Janelle Monáe Cements Legacy As Future Icon With True Masterpiece, Generation-Defying Album, Dirty Computer

A true masterpiece that’s easily not only her best album to date, but her most experimental and not give a fvcks album of her career thus far, Janelle Monáe shows from the very opening and title track of her latest album, Dirty Computer, why it’s not only a great album, but a truly landmark piece of art that will be remembered as such for years and generations to come with its very sexually liberal and liberating freedom that’s the perfect celebration of queerness, pan-sexuality, female power and self-worth.

The album just like it’s truly masterpiece accompanying emotion picture of the same name, shows how Monáe really is following in the footsteps of her late great mentor, Prince. The album truly capturing the past, present and future in much the same way the film did, but in musical form. You could really tell from the production by the Wondaland Records leader and founder along with her longtime collaborators, Nate “Rocket” Wonder and Chuck Lightning, who had hand in production in all but one or two songs on the 14-track effort, how influential the late great, The Purple One, was in helping Monáe and them build a brilliant piece of sound that will help the album, just like it’s accompanying emotion picture be remembered as truly timeless, classic and masterpieces of art for years and generations to come.

Whether the bass, guitar, drums or several instruments Wonder plays on Crazy, Classic, Life or that he and Lightening play on several tracks throughout the album that really evoke all the joy and life that Monáe’s very amazingly sweet vocals along with Wonder and Lightning’s production and arrangements make you just want to get up and dance for a funky crazy, feel-good time. None clearer than on the very upbeat, Screwed, which features Zoë Kravitz and is a real straight jam that will have you truly up and dancing along to the very upbeat hand claps and guitar-driven production from Wonder and Roman GianArthur, which will also you singing along to the very catchy chorus of, “Let’s get screwed, I don’t care, I don’t care. You fvcked the world up now, we’ll fvck it all back down. Let’s get screwed. I don’t care.” That’s only part of the chorus too.

The way Monáe so seamlessly transitions from track to track is another underrated part of what makes an album so classic and timeless too. This first happening on how Screwed perfectly segues to one of her lead singles. The rap-heavy and anthemic, Django Jane, which has Monáe flowing better than most so-called rappers comes in as part of Screwed is still playing to open the track. As her very implacable and unapologetic hard flow bursts through on the single, which powerful message helps celebrate black women and their great queendom, as well as, “Black Girl Magic.” A track that sounds like it would’ve been perfect for the Black Panther soundtrack and movie. On what’s probably Monáe’s most political record to date of her already great career, it even finds her showing off great wordplay that’s akin to great emcees of yesteryear like MC Lyte, Da Brat, Queen Latifah, Shawnna and Jean Grae or even great emcees of today like, Rapsody and K’Valentine, which makes you ask, “What’s there she can’t do?”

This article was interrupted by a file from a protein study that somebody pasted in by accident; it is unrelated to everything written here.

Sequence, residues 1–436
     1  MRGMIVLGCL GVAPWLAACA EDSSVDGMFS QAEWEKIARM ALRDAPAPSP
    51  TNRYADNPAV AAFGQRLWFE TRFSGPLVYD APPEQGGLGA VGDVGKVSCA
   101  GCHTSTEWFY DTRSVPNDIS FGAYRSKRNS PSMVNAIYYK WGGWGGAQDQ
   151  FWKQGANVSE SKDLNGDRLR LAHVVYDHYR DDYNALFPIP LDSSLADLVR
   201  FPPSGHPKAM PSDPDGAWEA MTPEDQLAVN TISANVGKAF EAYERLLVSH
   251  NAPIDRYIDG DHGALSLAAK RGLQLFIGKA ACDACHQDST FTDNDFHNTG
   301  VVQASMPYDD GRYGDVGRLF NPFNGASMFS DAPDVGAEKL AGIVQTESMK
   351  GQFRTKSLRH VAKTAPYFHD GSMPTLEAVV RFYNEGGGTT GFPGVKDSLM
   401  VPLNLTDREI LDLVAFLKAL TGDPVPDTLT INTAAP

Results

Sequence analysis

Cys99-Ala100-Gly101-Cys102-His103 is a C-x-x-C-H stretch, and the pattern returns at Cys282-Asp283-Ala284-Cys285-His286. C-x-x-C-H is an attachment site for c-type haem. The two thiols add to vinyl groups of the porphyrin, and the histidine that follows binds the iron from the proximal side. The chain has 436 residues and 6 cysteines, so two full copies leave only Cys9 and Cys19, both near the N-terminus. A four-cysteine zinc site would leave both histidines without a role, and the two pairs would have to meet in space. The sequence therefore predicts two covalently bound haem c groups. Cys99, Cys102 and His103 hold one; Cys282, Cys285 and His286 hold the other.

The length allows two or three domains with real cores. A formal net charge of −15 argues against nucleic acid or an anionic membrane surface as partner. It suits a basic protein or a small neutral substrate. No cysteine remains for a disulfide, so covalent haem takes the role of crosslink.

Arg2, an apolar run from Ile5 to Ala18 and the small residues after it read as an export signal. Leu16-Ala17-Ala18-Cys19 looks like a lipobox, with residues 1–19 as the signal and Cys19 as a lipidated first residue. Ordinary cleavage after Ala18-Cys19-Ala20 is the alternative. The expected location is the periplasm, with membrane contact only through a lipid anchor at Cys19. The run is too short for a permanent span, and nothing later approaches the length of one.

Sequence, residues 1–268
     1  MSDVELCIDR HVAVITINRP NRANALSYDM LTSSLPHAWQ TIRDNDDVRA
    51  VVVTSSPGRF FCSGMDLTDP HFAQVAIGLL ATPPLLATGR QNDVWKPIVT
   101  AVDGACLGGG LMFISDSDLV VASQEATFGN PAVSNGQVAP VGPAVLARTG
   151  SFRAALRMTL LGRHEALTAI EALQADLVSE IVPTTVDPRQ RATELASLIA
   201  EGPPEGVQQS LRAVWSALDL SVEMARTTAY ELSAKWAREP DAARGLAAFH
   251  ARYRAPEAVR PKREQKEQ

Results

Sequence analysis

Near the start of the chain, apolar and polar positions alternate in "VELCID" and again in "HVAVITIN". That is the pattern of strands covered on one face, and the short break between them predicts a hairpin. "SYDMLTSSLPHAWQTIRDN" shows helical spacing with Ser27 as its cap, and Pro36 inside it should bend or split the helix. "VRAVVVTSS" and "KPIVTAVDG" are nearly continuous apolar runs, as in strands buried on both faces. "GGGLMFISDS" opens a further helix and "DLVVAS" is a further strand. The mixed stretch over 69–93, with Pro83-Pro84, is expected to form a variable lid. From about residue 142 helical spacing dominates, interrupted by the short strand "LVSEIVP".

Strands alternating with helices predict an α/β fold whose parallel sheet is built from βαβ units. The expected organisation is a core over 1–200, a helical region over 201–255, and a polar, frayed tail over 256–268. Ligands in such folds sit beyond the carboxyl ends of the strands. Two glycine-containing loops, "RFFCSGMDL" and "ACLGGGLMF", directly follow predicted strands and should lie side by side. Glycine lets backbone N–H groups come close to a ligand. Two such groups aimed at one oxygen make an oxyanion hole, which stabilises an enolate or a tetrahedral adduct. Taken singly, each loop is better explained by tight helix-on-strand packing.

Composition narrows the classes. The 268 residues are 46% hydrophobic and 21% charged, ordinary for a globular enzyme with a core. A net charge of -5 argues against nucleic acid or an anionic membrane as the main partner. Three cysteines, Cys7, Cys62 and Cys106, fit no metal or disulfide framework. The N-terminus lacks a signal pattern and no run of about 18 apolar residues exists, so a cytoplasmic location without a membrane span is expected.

Monáe’s very sexual liberating tribute to really celebrating sexuality or other parts of the female form that are deemed offensive, even when you are told not to, but truly make everyone unique, is very present in that not give a fvcks funky-attitude way Prince was throughout much of his celebrated legendary career on much of the album. Whether on the very empoweringly fun, PYNK, which truly celebrates feminism and it’s fierceness along with female sexuality and erotic expression or the very vibrant and dance-centric vibes of the Mattman & Robin-produced lead single, Make Me Feel. With it’s very electric guitars and so groovy funky sound, an obvious homage to her late great mentor, collaborator and friend.

Prince isn’t the only legend or great, who’s influence is seen throughout the album too in various forms. As the legendary and just as iconic, if not more iconic Stevie Wonder is featured on a skit towards the end of the album. Which is taken from a recorded phone conversation between Monáe and Stevie. Brian Wilson is also featured on harmonious on the very opening track.

As said several times already it’s Prince presence aside from Monáe herself obviously, who’s influence you could really hear throughout the album. Whether it be the very similar sounding synths on Make Me Feel or the various sounds of Funk, Soul, Hip-Hop and R&B throughout that make her just like her late great mentor, The Purple One, someone you can’t really box into one specific category or genre.

The greatness and creative genius of Monáe shown on tracks like the very soulfully smooth and unapologetically confident Organized Noize-produced ballad, I Like That or even the very vulnerable, So Afraid or the very upbeat and celebratory hand-claps and foot-stomping of the closing track, Americans. Which is Monáe’s own new very joyful updated version of the American anthem that calls for change, as well as to celebrate the unique and the diverse, rather than reject it. It’s easily one of the greatest closing tracks to any album in the history of music and closes a very inspirational and moving masterpiece of art, that’s also not only easily the best album to drop so far this year, but one of the best albums to drop of the past several years. This is the album that will not only get Monáe the long overdue Grammys, as well as several other accolades she already deserves, but hasn’t yet gotten. But also really cement her place as an iconic figure in the history of music at already such a young age. Her late great mentor, friend and collaborator, Prince, is definitely looking down very proud.